NOTE: If you already understand laravel queues, and you're not interested in stories, go straight to the second heading.
"Queues are used to delay time-consuming tasks until a later time" - larashout.com
Queues are set up for better user experience, they are used to make time-consuming tasks run in the background while the user gets to move on to something else, not having to wait till the end of these tasks.
For example, say you are building an application that allows a store owner send a promotional email to all their users; and it takes approximately two(2) seconds to send said email to one user, imagine how long the store owner would have to wait to send the email to a thousand users.
Quick maths: The total estimated time would be the number of users (say N), multiplied by two seconds (N x 2s), so we have 1000 x 2s = 2000s. Meaning the store owner would have to wait for 2000seconds (approximately 33.3 minutes) to reach a thousand users before getting a response, which is not great. Now think of how long it'd take to reach five thousand or ten thousand users.
This is where queues come in, Laravel queues pick all the action that you need to be carried out, store them on a driver with a predefined delay time set by the developer, returns a response to the user, then proceeds to dispatch the queues on the server without interfering with the user's activities.
Let me rephrase the previous paragraph to fit our store example, Laravel queue picks the customers email addresses selected by the store owner, stores them on a drive as a job with a predefined delay time set by the developer, returns a response to the store owner, then proceeds to dispatch the emails in the background at the set predefined time. The dispatch is done on the server without interfering with other activities the store owner might be doing on the application.
Below is a code sample that enables the store owner to send promotional emails using a queue.
$emailJob = new SendPromotionalEmail()->delay(Carbon::now()->addMinutes(5)); dispatch($emailJob);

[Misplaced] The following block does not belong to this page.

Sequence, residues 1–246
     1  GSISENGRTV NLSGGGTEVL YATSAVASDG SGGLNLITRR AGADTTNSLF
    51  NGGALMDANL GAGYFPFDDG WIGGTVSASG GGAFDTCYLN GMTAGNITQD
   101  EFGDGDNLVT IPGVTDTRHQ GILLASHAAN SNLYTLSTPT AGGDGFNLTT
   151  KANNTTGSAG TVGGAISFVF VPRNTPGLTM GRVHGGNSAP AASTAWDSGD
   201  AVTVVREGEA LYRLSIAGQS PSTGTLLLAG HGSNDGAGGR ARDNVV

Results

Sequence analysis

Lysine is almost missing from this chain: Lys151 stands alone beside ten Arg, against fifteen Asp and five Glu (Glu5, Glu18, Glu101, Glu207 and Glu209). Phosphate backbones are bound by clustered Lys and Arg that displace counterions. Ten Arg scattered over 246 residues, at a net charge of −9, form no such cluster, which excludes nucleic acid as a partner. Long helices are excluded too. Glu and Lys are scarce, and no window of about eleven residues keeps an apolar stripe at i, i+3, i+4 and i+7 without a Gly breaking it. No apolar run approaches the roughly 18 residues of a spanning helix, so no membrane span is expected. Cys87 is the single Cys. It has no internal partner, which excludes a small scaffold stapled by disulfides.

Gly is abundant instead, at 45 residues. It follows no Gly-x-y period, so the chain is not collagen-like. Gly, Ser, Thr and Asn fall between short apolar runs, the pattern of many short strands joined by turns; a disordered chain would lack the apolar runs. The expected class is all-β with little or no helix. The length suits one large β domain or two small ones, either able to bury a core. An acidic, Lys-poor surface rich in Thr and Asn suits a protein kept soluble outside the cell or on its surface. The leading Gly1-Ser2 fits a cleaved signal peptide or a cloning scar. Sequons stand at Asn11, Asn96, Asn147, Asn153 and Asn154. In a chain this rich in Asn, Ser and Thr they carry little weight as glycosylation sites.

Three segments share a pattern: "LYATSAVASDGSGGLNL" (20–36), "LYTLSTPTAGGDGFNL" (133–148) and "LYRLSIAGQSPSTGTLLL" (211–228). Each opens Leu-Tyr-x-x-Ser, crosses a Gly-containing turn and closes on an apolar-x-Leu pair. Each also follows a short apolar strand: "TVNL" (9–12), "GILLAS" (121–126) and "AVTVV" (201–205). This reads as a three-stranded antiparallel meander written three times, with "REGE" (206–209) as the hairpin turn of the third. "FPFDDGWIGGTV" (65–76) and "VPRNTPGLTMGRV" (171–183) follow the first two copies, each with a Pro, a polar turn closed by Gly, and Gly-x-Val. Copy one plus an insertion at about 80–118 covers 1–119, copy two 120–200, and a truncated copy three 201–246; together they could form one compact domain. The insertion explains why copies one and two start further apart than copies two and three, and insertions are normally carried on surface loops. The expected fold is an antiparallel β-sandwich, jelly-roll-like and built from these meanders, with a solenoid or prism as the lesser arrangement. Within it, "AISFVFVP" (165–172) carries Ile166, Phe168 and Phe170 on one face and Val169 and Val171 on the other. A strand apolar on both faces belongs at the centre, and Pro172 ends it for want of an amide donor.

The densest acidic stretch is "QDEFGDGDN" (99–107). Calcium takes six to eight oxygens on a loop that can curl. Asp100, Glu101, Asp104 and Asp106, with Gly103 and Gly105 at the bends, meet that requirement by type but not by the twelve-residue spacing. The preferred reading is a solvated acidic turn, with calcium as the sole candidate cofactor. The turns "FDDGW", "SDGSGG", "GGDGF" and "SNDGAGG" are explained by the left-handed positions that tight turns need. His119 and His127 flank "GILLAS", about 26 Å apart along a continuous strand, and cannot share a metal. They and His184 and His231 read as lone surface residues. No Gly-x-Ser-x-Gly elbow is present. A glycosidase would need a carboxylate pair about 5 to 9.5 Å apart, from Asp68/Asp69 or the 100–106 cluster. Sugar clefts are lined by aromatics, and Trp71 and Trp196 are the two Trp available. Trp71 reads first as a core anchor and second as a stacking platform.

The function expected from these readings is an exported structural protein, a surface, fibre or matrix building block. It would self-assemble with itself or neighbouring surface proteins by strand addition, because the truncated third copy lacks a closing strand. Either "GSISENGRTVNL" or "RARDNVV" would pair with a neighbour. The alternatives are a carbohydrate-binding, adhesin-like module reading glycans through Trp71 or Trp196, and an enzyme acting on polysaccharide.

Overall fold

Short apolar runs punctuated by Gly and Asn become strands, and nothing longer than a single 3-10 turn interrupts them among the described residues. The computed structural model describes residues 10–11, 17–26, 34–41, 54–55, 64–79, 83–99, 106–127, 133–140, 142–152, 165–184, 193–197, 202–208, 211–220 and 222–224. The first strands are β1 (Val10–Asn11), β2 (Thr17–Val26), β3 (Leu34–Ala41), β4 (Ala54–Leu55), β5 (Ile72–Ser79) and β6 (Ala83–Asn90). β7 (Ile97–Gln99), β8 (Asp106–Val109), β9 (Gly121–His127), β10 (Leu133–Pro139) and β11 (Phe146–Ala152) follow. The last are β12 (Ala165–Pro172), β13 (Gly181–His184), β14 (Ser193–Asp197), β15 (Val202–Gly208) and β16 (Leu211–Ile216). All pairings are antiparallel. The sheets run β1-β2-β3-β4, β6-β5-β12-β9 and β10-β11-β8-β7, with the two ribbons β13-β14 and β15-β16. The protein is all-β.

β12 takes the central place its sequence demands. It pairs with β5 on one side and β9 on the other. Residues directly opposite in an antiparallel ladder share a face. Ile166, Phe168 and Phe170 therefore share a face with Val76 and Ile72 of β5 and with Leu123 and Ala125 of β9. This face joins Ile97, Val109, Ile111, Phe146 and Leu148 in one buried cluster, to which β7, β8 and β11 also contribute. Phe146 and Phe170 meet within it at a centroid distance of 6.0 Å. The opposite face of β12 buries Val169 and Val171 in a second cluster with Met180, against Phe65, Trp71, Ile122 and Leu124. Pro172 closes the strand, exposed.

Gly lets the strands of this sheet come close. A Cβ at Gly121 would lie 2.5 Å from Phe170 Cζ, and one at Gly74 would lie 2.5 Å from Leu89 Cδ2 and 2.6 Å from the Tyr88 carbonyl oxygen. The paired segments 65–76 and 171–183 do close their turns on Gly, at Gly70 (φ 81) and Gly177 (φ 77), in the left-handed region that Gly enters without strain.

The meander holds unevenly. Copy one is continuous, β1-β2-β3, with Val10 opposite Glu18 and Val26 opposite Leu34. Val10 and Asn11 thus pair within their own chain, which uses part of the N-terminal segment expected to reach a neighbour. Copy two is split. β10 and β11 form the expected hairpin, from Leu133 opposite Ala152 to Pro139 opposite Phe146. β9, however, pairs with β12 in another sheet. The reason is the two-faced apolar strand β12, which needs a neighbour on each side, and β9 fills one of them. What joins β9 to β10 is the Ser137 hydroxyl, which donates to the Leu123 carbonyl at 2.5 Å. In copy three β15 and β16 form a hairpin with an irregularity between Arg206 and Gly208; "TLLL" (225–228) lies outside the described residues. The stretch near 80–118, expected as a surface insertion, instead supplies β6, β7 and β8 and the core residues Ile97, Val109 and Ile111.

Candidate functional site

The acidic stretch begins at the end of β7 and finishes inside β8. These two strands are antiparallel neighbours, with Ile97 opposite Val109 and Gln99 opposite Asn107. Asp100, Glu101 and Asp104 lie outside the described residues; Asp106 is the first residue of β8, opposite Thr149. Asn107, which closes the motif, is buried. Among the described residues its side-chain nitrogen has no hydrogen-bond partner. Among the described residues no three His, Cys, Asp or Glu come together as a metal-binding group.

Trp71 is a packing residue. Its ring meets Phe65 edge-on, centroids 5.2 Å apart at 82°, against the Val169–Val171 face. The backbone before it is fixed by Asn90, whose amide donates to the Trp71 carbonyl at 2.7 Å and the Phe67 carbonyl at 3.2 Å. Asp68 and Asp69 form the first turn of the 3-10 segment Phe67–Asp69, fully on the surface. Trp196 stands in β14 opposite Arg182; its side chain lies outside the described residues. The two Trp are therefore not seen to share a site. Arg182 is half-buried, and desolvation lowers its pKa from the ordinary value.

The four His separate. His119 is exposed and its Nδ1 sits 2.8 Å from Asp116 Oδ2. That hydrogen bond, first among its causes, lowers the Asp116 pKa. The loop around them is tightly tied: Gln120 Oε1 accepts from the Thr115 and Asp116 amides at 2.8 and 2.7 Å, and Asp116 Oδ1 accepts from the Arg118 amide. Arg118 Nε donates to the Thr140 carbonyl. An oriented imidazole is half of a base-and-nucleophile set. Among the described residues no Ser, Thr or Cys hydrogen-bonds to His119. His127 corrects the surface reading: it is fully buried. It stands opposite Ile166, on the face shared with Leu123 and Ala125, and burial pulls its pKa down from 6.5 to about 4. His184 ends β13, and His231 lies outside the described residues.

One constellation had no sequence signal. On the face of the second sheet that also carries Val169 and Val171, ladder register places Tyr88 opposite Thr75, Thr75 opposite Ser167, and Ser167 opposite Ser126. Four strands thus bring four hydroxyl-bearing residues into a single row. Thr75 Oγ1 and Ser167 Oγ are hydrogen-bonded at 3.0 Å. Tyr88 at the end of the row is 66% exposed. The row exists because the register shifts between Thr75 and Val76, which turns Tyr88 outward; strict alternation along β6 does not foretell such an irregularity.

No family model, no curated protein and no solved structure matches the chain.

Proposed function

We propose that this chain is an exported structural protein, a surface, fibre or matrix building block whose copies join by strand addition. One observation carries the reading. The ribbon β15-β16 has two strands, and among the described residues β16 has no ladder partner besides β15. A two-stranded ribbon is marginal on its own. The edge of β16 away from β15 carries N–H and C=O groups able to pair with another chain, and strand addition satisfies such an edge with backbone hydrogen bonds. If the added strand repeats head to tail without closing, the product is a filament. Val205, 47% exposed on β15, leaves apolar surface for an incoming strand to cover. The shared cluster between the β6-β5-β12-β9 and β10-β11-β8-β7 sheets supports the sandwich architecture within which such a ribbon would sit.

Before the above code can work, there has to be a queue worker running. Here is what a queue worker does: A queue worker checks the driver for any pending jobs, and execute them. In this case, SendPromotionalEmail() is a job that would be stored on the drive waiting to be executed by the queue worker.
To run a queue worker, run the following command on your terminal.
php artisan queue:work
If you have read to this point, and still don't understand what queues are or what they are meant to do, you should read the queues section of the Laravel documentation for a better understanding and how to set them up.
You might be wondering why you would want to run a queue worker on two different applications that share the same database, I recently ran into a situation like this, and spent hours trying to debug the issue before realizing the problem.
PS: In this example below, I used
database as the queue driver.
Let's use the ride-hailing company Uber as an example, Say we built an application like Uber using laravel, but this time we built two different applications, the riders' version, and the drivers' version, and made both share the same database instead of using an API. (this example is a bad idea, but it's the best fit for this topic).
Building applications this big will require running queues in the background to carry out the time-consuming tasks, so we would have a queue worker running on both applications using the command:
php artisan queue:work
The above command will constantly check the jobs table on the database and executes any pending job it finds. Now here is the problem, since we have this command (the queue worker) running on both applications, there are times the riders queue worker will try to execute jobs that belong to the drivers' application, and vice versa depending on which queue worker hits the database first. And here's what happens whenever a queue worker tries to run a job that doesn't belong to it, the job would be executed but fails instantly because of its codebase differs from the job payload.
To solve this, we would have to customize our queue worker to only process particular queues on each of our application and to do this the jobs should be dispatched with a name using something like this
->onQueue('name_here'); and the queue worker should run on both apps with their respective names.
Going by the explanation above, here's what the code would look like on the riders app
$emailJob = new EmailNotification()->delay(Carbon::now()->addMinutes(5)); dispatch($emailJob)->onQueue('UberRiders');
Now that we have categorized the rider jobs, the queue worker should run with a flag indicating that it only runs the UberRiders jobs, so we have something like this:
php artisan queue:work database --queue=UberRiders
instead of using the below default command:
php artisan queue:work
The same thing would be done on the drivers laravel app, so we have something like this:
$emailJob = new EmailNotification()->delay(Carbon::now()->addMinutes(5)); dispatch($emailJob)->onQueue('UberDrivers');
And the queue worker looks like this
php artisan queue:work database --queue=UberDrivers
For practical examples about laravel queues, you can read about queues, and how they work here.
The best way to go about this is to build a central API and have both applications connect to them, that way you wouldn't have to bother yourself about running different queue workers on the same database, but if you find yourself in this type of issue, this should help you fix the issue.